It has taken me over two years to finally visit the New York Public Library. Standing majestically on 5th Avenue near 42nd St, it was built on the site of the Croton Reservoir which provided New York City's water needs in the late 19th century. (Can you imagine having a reservoir in the middle of a city?!)
The Library took 12 years to construct, from 1899 - 1911 and was considered the apogee of Beaux-Arts design, apparently costing US$9 million. It contains 530,000 cubic feet of white Vermont marble, the then largest marble structure ever attempted in the US, and 125 miles of shelving. Third in size to only the Library of Congress and the British Library, it opened with an inventory of one million items. Today, counting all of its branches, the library contains a total of 20 million books and 50 million catalogued items, a lot of which are stored neatly in a whopping seven levels of underground shelving beneath the main building.
(image of storage levels in 1911)
Apparently the system used in order to request a book was considered very avant garde for its day. Librarians sent a person's request on a rolled up piece of paper, down a copper pipe which landed on the appropriate level below. There, a diligent worker sourced the item and sent it up as swiftly as possible to the waiting visitor, via a book lift.
The reading rooms are spread out over 3 levels and the sheer scale of the building is awesome.
Rose Reading Room
Back on the outside, 2 magnificent stone lions guard the entrance. Originally named Leo Astor and Leo Lenox in honor of the library's founders, they were nicknamed Patience and Fortitude by Mayor Fiorello La Guardia in the 1930s, because he felt these were the two qualities New York citizens needed to get through the Great Depression.
These lions always remind me of a gorgeous children's book called "Library Lion". It's not set in this particular library, but I am sure Patience and Fortitude were the inspiration for this story of a lion coming to work every day in a public library, helping to dust the books with its tail, acting as a sofa for the children during reading hour and roaring for help when the librarian breaks her arm.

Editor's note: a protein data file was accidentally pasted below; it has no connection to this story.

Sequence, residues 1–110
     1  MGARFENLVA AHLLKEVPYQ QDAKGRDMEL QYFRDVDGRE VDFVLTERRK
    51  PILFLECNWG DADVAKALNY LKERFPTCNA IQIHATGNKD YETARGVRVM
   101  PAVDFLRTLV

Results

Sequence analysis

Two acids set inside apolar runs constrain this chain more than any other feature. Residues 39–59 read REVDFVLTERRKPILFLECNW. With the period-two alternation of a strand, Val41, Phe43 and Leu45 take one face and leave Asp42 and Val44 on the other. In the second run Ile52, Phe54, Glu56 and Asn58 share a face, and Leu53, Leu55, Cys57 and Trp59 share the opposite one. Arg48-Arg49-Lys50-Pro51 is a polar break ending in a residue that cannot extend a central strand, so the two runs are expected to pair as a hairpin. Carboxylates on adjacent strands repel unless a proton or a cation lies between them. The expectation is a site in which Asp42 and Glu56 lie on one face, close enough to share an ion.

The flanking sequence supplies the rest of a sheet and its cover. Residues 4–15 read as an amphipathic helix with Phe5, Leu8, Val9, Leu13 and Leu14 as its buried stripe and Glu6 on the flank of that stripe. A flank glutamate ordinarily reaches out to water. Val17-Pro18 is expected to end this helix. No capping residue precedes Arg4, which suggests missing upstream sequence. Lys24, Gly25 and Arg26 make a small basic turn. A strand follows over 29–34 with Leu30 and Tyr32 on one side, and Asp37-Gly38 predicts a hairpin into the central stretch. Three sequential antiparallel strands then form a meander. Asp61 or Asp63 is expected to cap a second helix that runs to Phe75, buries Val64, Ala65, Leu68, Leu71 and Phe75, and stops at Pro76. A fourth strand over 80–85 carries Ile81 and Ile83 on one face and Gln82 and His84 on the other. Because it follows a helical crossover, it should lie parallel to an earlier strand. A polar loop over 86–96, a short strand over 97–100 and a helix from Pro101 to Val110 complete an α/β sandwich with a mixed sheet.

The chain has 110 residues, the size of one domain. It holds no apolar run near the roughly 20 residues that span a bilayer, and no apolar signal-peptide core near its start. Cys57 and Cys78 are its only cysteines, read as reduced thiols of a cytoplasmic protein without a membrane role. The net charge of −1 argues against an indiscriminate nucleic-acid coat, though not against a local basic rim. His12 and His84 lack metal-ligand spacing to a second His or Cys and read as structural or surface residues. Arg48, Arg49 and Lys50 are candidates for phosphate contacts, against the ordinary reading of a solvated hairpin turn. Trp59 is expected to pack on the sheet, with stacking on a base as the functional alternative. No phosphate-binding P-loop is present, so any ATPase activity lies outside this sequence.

Today the library is probably best known as the backdrop for Carrie's wedding to Mr Big in the Sex and the City movie. Mr Big pulls a spectacular no-show and Carrie's three darling friends show what real friendship is all about when they get Carrie out of the library as swiftly as possible.
But aside from popular culture, the Library contains some extraordinary pieces that I read about recently, as the city prepares for the venerable institution's centenary. It houses one of the only 48 remaining Gutenberg bibles, printed in 1455. Purchased by Lenox in 1847, it was the first Gutenberg bible to cross the Atlantic. When it arrived in New York, the officers at the customs house were instructed to remove their hats upon seeing it, such was the gravity of the occasion.
The library also has 40,000 restaurant menus, the world's largest collection, dating from the 1850s to the present. The one below outlines Thanksgiving dinner at the Plaza Hotel in 1899. Note the turtle soup and boiled turkey with oyster sauce!
There is a letter that the dying John Keats wrote to his dearest friend Fanny Brawne in 1820.
Some of the more surreal items include Truman Capote's cigarette case, Virginia Woolf's walking stick, fragments of Shelley's skull and Elizabeth Barett Browning's slippers.
And the most fun; the original animals of Winnie the Pooh! They are all on display, causing what I can only imagine is a HUGE furore over the pond in England, given A.A. Milne was English.
Images: The Classicist, New York Public Library, amazon, mine, Go NYC, visiting DC, Architectural Record, Bizbash, flickr, ephemeral new york, harvard alumni, oedb, bbc